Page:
No MeSH data available.


Related in: MedlinePlus

(a) Illustrating a hypothetical inverted-U dependence of frontal lobe function on dopaminergic medication associated with individual variation in baseline dopamine level. (b) Nondepressed PD patients (red) are positioned at the upstroke lower end of the curve: they reduce their level of VMPFC deactivation and increase VLPFC activation with levodopa medication. Depressed PD patients (blue) are positioned at the downstroke upper end of the curve: they increase their level of VMPFC deactivation and decrease VLPFC activation with levodopa medication. Labels a, b, c, and d indicate representative ndPD and dPD patients; open symbols denote the VMPFC and closed symbols the VLPFC brain regions; dashed lines represent the activity gap off dopaminergic medication, while solid lines represent that on levodopa.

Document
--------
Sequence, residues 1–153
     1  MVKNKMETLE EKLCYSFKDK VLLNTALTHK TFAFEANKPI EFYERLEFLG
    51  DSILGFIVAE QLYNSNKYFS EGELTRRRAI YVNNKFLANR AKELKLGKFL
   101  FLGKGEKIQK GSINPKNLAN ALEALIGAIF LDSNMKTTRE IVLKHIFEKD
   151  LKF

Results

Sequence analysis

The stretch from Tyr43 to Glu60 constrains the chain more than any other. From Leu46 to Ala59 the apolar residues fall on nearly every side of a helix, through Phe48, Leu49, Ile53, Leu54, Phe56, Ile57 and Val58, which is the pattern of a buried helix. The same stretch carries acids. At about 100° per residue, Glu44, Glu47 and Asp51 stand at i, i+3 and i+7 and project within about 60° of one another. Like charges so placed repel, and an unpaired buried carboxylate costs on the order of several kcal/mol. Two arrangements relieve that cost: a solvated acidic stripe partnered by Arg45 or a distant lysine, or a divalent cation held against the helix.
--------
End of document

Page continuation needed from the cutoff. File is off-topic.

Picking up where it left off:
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fig5: (a) Illustrating a hypothetical inverted-U dependence of frontal lobe function on dopaminergic medication associated with individual variation in baseline dopamine level. (b) Nondepressed PD patients (red) are positioned at the upstroke lower end of the curve: they reduce their level of VMPFC deactivation and increase VLPFC activation with levodopa medication. Depressed PD patients (blue) are positioned at the downstroke upper end of the curve: they increase their level of VMPFC deactivation and decrease VLPFC activation with levodopa medication. Labels a, b, c, and d indicate representative ndPD and dPD patients; open symbols denote the VMPFC and closed symbols the VLPFC brain regions; dashed lines represent the activity gap off dopaminergic medication, while solid lines represent that on levodopa.